Tests for Alpha-1
Testing for Alpha-1* usually is recommended either because you have symptoms of Alpha-1 or because a family member has been diagnosed with Alpha-1.
*Also known as alpha-1 antitrypsin deficiency, AATD, A1-PI deficiency, alpha-1 proteinase deficiency, A1AD, or hereditary or genetic emphysema.
There is a simple finger-stick blood test that can be done to determine if you have AAT deficiency.
Testing Procedures Utilizing One Blood Sample
The first test – immunoassay – is a simple blood test which determines the amount of AAT protein circulating in the blood.
If low levels of AAT are detected on the immunoassay, phenotyping is done. This identifies the type of AAT protein present in the blood.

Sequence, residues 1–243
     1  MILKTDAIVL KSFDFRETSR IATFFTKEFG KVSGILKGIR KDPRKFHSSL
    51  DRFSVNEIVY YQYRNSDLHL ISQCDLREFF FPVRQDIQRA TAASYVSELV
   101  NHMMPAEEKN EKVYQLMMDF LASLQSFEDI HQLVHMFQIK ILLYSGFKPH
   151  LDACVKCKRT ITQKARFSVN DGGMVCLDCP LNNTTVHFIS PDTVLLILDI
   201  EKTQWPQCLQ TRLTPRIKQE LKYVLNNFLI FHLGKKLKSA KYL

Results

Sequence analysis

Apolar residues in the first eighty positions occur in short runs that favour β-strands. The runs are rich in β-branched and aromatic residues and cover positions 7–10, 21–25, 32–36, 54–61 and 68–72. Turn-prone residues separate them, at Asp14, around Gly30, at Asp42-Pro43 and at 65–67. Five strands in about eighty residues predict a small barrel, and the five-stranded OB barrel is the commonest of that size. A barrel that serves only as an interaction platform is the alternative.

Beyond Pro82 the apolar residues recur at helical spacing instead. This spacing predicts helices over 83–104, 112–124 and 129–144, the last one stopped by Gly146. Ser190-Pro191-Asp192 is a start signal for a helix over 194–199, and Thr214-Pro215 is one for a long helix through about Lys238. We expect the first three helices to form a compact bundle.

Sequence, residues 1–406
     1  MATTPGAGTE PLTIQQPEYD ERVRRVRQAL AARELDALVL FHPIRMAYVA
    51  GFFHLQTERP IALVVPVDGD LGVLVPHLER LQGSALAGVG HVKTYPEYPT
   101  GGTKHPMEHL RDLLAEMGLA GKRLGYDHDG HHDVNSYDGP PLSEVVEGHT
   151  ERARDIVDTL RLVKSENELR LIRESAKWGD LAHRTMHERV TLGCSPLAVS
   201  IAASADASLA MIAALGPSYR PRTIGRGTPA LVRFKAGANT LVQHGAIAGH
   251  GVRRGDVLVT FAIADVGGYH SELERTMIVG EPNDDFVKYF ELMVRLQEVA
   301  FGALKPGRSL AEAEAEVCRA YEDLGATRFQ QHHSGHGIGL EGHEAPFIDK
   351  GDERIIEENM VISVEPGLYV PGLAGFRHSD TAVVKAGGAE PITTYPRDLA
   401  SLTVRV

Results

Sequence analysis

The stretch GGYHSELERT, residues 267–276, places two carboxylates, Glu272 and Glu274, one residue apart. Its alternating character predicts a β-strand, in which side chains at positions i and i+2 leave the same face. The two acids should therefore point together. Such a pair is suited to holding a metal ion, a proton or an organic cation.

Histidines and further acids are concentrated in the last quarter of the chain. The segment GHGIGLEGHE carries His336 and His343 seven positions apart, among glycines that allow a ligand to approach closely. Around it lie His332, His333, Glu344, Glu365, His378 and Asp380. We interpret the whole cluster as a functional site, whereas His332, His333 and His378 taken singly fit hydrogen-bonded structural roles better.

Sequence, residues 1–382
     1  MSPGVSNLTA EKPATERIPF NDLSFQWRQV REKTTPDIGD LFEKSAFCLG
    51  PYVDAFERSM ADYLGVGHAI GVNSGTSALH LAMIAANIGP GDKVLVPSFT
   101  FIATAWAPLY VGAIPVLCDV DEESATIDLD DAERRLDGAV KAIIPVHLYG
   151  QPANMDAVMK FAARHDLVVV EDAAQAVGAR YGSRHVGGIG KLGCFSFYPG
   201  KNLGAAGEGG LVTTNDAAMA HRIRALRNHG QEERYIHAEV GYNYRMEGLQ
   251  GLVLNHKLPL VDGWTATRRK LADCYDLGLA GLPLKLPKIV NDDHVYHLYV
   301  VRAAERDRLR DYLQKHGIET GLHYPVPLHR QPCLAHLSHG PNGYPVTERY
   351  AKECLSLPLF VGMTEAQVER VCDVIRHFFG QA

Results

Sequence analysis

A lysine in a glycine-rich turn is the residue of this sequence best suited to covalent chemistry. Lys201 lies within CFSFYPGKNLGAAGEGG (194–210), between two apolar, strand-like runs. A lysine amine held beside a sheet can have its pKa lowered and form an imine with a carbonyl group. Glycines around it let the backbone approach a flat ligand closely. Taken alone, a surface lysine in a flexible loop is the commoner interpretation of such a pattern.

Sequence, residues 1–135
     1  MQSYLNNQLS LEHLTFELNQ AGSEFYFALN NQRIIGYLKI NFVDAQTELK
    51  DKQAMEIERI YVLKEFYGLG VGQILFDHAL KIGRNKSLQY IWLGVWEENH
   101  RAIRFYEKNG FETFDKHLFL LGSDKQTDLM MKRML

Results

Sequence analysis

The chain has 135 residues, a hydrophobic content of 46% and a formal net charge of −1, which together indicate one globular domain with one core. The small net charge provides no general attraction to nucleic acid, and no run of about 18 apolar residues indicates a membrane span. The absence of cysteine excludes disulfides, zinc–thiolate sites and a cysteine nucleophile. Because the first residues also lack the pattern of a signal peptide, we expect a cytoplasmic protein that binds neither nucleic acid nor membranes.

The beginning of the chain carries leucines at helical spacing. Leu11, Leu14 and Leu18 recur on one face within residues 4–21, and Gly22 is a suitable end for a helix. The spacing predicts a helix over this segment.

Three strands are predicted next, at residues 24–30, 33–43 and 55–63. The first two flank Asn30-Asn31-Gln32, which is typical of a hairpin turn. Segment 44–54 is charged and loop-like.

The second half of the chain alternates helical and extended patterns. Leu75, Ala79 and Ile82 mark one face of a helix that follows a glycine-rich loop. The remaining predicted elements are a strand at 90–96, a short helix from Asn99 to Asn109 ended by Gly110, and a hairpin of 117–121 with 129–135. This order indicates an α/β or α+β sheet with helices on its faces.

This test conclusively identifies specific genetic mutations and is the only test that can detect the null and other rare variations.
Why Testing is Important for You and Your Family
The results of these tests are important to help you and your doctor determine the best treatment plan for you. The test results also help identify preventive measures to protect your lungs. Finally, test results can help with the decision about whether family members should be tested.
For questions regarding the testing process, please contact your physician.
- Adapted from the American Thoracic Society/European Respiratory Society Statement. Standards for the diagnosis and management of individuals with AAT deficiency. Am J Respir Crit Care Med. 2003;168:818-900.